Moving to Antalya with kids
The couple have learned a great deal since buying their property in Antalya over the past decade and have agreed to share some of their knowledge.
What brought you to Turkey?Adam: I was transferred here by my company. It was meant to be a year-long contract but we liked it so much that we kept extending. After three years we bought a home and decided to stay.
Beatrice: We hadn’t been together long when Adam was offered this opportunity. I was between jobs and we just thought, why not? It was only for a year and it would be a new experience. We knew nothing about Turkey!
Do your children go to school?Beatrice: The children are five and three, the eldest goes to a Turkish kindergarten and will be going to a private school next year, and the youngest is still at home with me for now. The school system here is generally good, but you need to do some work to find out which school is best. There are Turkish state schools and private schools here. There are a lot of expats who can help you decide what’s best for your children.
What’s it like where you live?Beatrice: we love it. We’re right on the coast, although there is not a beach at Lara. There are lots of cafes and restaurants, and a promenade that follows the shore which the children can ride their bikes along. There are regular buses into town - although we have a car it’s easiest to catch a dolmus into the centre - and to nearby beaches. It’s quite lively in Lara, with lots to do, and our apartment complex has gardens and two swimming pools, which the children love.
Konyaalti is very nice too, it’s a bit quieter, with a pebbly beach. We lived there when we first moved here but decided to buy in Lara as it’s a little closer to Adam’s work.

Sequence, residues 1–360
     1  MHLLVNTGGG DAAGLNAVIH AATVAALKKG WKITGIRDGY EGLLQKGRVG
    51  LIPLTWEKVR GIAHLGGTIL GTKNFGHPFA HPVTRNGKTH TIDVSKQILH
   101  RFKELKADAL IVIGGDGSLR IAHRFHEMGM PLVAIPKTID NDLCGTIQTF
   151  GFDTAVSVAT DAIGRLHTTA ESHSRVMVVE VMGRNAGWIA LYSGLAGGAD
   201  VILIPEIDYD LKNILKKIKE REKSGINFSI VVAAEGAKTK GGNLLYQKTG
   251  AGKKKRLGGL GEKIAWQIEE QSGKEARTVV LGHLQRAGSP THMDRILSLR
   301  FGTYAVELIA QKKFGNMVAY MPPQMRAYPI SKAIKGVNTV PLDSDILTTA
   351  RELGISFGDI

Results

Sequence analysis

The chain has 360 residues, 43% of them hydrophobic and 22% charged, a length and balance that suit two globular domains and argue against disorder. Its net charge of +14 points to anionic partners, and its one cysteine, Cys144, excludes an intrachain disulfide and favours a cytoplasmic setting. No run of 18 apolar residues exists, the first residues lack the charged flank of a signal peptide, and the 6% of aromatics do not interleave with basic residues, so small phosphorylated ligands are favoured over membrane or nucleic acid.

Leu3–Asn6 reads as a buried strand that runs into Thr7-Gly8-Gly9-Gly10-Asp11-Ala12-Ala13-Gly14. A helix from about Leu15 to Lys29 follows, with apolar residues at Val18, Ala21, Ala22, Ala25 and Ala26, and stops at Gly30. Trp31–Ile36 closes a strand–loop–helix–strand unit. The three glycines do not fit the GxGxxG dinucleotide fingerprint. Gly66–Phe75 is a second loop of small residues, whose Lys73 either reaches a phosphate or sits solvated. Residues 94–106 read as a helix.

Adam: It’s very safe for children, there are lots of kids in our complex and they all play together.
Did you find it difficult to adjust to having children here?Beatrice: we both had different experiences. Because I was at home with the children I was the one attending baby groups and taking the children out during the day. It was hard at first but I soon made a network of friends. There is not the “baby infrastructure” like there is back in Sweden, with local playcentres, but there were always people who wanted to get together.
Adam: a big difference we noticed is that people love small children here. You can’t go more than a few metres without someone stopping you to ask about your children. Name, age, sleeping habits, that sort of thing. At first it was a bit strange - that does not happen back in Sweden! But after a while you get used to it and you accept that a quick trip to the supermarket might take a little longer. Our children grew up with it and know no different, so they’re confident and happy to talk to just about anyone, which we think is wonderful.
Can the children speak Turkish?Adam: our eldest is five and he can speak Turkish very well. He goes to a Turkish-speaking kindergarten and adapted brilliantly. We speak Swedish at home but a bit of English too. Most Swedes know English, and it’s the most important global language, so we think it’s important for our children to know both, as well as the language of their adopted country. So they will grow up trilingual, which gives them so many advantages